In a previous post I explained how to handle a SQL table using RPG operation codes to perform the file access. The post was just to illustrate that it was possible. I received messages expressing surprise that I had chosen to use RPG and not SQL. I think those who sent me those messages missed the point of the post. Anyway in this post I am going to show the same example, but using SQL for accessing the SQL table.
If I was doing this myself I would probably replace the entire DO loop in the RPG program with the following SQL statement:
UPDATE QTEMP/WORKFILE SET UFLG1 = '1' WHERE SUBSTRING(JOBNO,1,1) = 'A'
But I am going to do this replacing each of the RPG file access operation code I used with an equivalent SQL statement. These being:
|RPG operation||SQL equivalent|
Here is modified version of the original program with the SQL equivalents:
01 dcl-ds WorkFile_ds extname('QTEMP/WORKFILE') 02 qualified ; 03 end-ds ; 04 exec sql SET OPTION COMMIT = *NONE ; 05 exec sql DROP TABLE QTEMP/WORKFILE ; 06 exec sql CREATE TABLE QTEMP/WORKFILE AS (SELECT A.ORDNO,A.ORQTY,A.JOBNO,A.DUEDT, A.ITEM,B.ITDSC,A.UFLG1 FROM ORDHDR A, ITMMST B WHERE A.ITEM = B.ITEM AND A.DUEDT > 1150115) WITH DATA RCDFMT WORKFILER ; 07 exec sql DECLARE C0 CURSOR FOR SELECT * FROM QTEMP/WORKFILE ORDER BY DUEDT,ORDNO ; 08 exec sql OPEN C0 ; 09 dow (1 = 1) ; 10 exec sql FETCH NEXT FROM C0 INTO :WorkFile_Ds ; 11 if (SQLCOD <> 0) ; 12 leave ; 13 endif ; 14 if (%subst(WorkFile_ds.JOBNO:1:1) = 'A') ; 15 WorkFile_ds.UFLG1 = '1' ; 16 endif ; 17 exec sql UPDATE QTEMP/WORKFILE SET UFLG1 = :WorkFile_ds.UFLG1 WHERE CURRENT OF C0 ; 18 enddo ; 19 *inlr = *on ; 20 exec sql CLOSE C0 ; 21 exec sql INSERT INTO QTEMP/WORKFILE (ORDNO,ORQTY,JOBNO,DUEDT,ITEM, ITDSC,UFLG1) VALUES ('*END',0,'',0,'','','') ;
On line 1 - 3 I have defined a data structure based on WORKFILE, the file that will be built in this program. I use this to define all of the columns in the table for the RPG program, and to make the FETCH statement easier to read as I do not have to include all of WORKFILE's columns in it. If I had to use a fixed column definition for this data structure it would look like:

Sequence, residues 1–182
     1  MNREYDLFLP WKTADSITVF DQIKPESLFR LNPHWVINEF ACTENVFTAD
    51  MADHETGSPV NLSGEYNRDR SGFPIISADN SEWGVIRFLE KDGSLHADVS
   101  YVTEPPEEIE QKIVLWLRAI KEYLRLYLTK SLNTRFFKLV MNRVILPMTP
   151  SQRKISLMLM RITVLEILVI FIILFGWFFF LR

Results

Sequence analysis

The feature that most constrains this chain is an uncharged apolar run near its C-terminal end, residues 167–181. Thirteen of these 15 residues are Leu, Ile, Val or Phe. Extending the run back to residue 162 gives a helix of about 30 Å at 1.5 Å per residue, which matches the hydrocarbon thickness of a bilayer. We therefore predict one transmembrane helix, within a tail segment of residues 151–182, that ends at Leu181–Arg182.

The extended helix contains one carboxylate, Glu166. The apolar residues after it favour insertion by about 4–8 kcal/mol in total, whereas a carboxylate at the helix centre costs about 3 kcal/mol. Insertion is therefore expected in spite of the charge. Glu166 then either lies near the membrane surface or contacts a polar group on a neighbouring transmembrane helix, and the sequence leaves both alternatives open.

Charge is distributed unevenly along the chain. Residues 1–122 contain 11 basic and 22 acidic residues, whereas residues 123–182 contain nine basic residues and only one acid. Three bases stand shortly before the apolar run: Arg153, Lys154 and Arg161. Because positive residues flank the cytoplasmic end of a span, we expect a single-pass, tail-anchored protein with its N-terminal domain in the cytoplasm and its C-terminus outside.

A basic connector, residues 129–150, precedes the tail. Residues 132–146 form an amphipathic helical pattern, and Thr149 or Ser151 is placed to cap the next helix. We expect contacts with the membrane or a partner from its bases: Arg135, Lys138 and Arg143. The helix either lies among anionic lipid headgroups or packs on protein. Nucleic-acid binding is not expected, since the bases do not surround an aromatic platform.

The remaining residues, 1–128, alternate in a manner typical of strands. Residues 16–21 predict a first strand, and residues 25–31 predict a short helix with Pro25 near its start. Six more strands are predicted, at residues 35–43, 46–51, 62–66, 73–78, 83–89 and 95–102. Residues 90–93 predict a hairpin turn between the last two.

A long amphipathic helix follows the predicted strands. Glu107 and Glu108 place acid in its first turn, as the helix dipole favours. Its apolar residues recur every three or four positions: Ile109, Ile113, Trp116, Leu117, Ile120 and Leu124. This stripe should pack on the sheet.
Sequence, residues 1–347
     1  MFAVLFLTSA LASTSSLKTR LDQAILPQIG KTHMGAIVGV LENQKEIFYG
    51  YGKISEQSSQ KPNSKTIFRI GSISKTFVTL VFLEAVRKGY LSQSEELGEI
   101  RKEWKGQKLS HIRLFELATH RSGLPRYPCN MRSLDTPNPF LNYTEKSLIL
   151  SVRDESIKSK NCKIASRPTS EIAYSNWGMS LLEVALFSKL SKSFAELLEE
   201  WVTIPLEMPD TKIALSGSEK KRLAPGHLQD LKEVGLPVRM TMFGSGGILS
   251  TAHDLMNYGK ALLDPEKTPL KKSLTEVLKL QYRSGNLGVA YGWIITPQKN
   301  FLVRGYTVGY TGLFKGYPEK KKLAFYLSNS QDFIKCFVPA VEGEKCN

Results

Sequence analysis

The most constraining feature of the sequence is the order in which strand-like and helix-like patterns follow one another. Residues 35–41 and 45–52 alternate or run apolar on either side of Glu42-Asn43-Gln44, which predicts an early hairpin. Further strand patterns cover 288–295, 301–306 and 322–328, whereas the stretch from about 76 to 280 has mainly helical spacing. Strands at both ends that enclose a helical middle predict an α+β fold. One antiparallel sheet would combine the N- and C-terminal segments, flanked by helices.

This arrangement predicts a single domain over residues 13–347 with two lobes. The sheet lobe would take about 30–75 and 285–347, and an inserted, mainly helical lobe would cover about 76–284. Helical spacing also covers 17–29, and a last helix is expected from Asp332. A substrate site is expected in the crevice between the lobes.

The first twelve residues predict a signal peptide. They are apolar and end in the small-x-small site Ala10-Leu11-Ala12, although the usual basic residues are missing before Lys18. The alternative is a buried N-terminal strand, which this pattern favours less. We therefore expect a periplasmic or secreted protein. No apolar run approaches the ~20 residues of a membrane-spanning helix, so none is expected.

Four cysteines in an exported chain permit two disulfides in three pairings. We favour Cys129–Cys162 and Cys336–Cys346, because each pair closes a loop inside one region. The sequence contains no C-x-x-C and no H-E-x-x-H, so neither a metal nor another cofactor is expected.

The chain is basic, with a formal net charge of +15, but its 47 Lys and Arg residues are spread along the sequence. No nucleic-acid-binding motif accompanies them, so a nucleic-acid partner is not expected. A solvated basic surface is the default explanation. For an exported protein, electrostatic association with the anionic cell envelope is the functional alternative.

D WorkFile_ds E DS extname('QTEMP/WORKFILE') D qualified
Lines 4 – 6 remain unchanged from the original.
In the original program I defined an index so that I could read the data in the key order I wanted. I do not have to so this using SQL statements. Declaring the cursor, line 7, is almost the equivalent as defining the file that will be used for input. I give the cursor a name, C0 (I know, no marks for originality for the cursor's name) and then the SELECT statement I want to define what columns, rows, order of them, etc I desire. In this example I want all columns, which is indicated by *, and the input to be ordered (sorted) in Due Date (DUEDT) and Order Number (ORDNO). I could have replaced the * with the just the columns I wanted to use, for example:
DECLARE C0 CURSOR FOR SELECT DUEDT,ORDNO,JOBNO,UFLG1 FROM QTEMP/WORKFILE ORDER BY DUEDT,ORDNO
Once the cursor has been defined it has to be opened, line 8, as you would opening when a file in RPG.
Then my program enters the DO loop, line 9.
I do the FETCH NEXT of the cursor, on line 10, which is the equivalent of RPG's read. I do need to list the variables that the input buffer from the table is moved to. This is why I have used a data structure, defined on line 1, rather than the individual fields. If I chose to define the variables it would have to match what was defined in the cursor declaration, so using the alternate example I gave this FETCH NEXT would look like:
FETCH NEXT FROMC0 INTO :WorkFile_ds.DUEDT, :WorkFile_ds.ORDNO, :WorkFile_ds.JOBNO, :WorkFile_ds.UFLG1
Line 11 shows what I use as the equivalent of RPG's %EOF indicator. The SQL Code, SQLCOD, is zero when there is no error, if it is not zero then an error was encountered when fetching the data from the table. When end of table is encountered the SQL Code will not be zero. I do not have to define SQLCOD, it is defined by the compiler when I compile the program or module.
The next change was to replace RPG's UPDATE operation code with SQL's UPDATE. I find it interesting that I have to give the name of the file and the cursor in the SQL statement. The WHERE CURRENT OR C0 indicates that only the current row (record) is updated.
After the logic exits the DO loop the cursor has to be closed, line 20.
Finally I used an INSERT to add a row to the end of the table, line 21.
You can learn more about these on the IBM website:
This article was written for IBM i 7.2, and it should work with earlier releases too.